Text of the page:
The Anonymous Widower

Repurposing The Affric/Beauly Hydro-Electric Scheme

The Affric/Beauly hydro-electric scheme was built in the 1950s and early 1960s, by the North of Scotland Hydroelectric Board.

  • The scheme is now owned by SSE Renewables and has a page on their web site.
  • There are six individual power stations; Mullardoch, Fasnakyle, Deanie, Culligran, Aigas and Kilmorack.
  • There are seven dams; Mullardoch, Benevean, Monar, Loichel, Beannacharan, Aigas and Kilmorack.

This map from the SSE Renewables web site shows the layout of the dams and power stations.

This description of the scheme is from Wikipedia.

The Affric / Beauly hydro-electric power scheme for the generation of hydro-electric power is located in the western Highlands of Scotland. It is based around Glen Strathfarrar, Glen Cannich and Glen Affric, and Strathglass further downstream.

The scheme was developed by the North of Scotland Hydro-Electric Board, with plans being approved in 1947.

The largest dam of the scheme is at Loch Mullardoch, at the head of Glen Cannich. From there, a tunnel takes water to Loch Beinn a’ Mheadhoinn (Loch Benevean) in Glen Affric, via a small underground power station near Mullardoch dam. Loch Benevean is also dammed, with a tunnel taking water to the main power station of Fasnakyle, near Cannich.

To the north in Glen Strathfarrar, Loch Monar is dammed, and a 9 km tunnel carries water to an underground power station at Deanie. Further down the glen, the River Farrar is dammed just below Loch Beannacharan, with a tunnel to take water to Culligran power station (also underground).

The River Farrar joins with the River Glass near Struy to form the River Beauly. Downstream on the River Beauly, dams and power stations have been built in gorges at Aigas and Kilmorack.

As the rivers in this scheme are important for Atlantic salmon, flow in the rivers is kept above agreed levels. The dams at Kilmorack, Aigas and Beannacharn contain Borland fish lifts to allow salmon to pass.

Note

  1. Culligran, Deanie and Mullardoch power stations are underground.
  2. Loch Beannacharan is the English name for Loch Beinn a’ Mheadhoin.
  3. The salmon impose a constraint on water levels.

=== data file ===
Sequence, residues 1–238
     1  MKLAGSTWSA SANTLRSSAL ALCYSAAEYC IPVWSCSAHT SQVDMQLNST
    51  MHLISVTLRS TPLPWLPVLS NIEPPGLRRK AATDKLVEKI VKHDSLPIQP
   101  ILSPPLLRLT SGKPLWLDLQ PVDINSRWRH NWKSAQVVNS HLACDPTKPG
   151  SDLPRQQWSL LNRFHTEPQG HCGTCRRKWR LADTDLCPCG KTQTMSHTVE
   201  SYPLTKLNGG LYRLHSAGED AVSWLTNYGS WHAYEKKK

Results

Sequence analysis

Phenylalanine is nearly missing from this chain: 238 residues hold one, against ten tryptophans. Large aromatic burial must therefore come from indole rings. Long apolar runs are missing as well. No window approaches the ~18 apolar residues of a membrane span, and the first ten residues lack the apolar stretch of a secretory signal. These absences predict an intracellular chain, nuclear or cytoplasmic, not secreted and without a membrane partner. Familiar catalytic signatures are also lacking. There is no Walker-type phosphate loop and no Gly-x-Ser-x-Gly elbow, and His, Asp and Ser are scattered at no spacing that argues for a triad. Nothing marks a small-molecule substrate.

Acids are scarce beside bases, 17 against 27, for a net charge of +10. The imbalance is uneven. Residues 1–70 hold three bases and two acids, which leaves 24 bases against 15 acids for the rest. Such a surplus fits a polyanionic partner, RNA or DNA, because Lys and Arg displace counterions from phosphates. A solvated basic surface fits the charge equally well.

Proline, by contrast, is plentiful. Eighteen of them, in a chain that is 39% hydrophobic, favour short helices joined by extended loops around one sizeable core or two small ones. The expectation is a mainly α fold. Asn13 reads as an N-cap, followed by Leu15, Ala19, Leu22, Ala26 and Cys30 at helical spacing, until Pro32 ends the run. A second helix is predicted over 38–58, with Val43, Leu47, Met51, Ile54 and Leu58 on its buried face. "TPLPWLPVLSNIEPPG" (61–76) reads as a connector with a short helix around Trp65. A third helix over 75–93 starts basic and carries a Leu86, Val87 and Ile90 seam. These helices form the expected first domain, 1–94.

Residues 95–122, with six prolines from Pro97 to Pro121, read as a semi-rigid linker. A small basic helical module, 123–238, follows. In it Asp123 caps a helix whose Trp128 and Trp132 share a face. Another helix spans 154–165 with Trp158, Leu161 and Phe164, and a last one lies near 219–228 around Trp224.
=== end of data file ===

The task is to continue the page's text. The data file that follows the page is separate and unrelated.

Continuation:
The sizes of the power stations in the scheme are as follows.

  • Mullardoch – 2.4 MW
  • Fasnakyle – 69 MW
  • Deanie – 38 MW
  • Culligran – 19 MW
  • Aigas – 20 MW
  • Kilmorack – 20 MW

This gives a total power of 168.4 MW.

This Google Map shows the Western area of the SSE Renewables Map.

Note.

  1. The three lochs; Monar, Mullardoch and Beinn a’ Mheadhoin can be picked out on both maps.
  2. Fasnakyle, where the largest of the hydro-electric power stations in the Affric/Beauly scheme, is at the Eastern edge of the map about half-way up.
  3. The area doesn’t seem to have a large population.

This Google Map shows the location of Fasnakyle power station in more detail.

Note.

  1. Fasnakyle power station is in the South-West corner of the map. marked by a grey flag.
  2. It appears that all of the water that goes through the power station flows into the River Glass, Strathglass, which meanders its way towards Inverness on the bottom of what appears to be a broad valley.

This Google Map shows the next section of the river.

The River Glass, Strathglass joins the River Farrar near the top of the map an becomes the River Beauly.

This Google Map the River Beauly to Kilmorack.

Wikipedia says this about this section of the River Beauly.

The river is part of the Affric-Beauly hydro-electric power scheme, with dams and power stations at Aigas and Kilmorack. Both have 20MW generators and include fish ladders to allow salmon to pass, the Aigas fish ladder is open to visitors in the summer.

This last Google Map shows the Beauly Firth.

Note.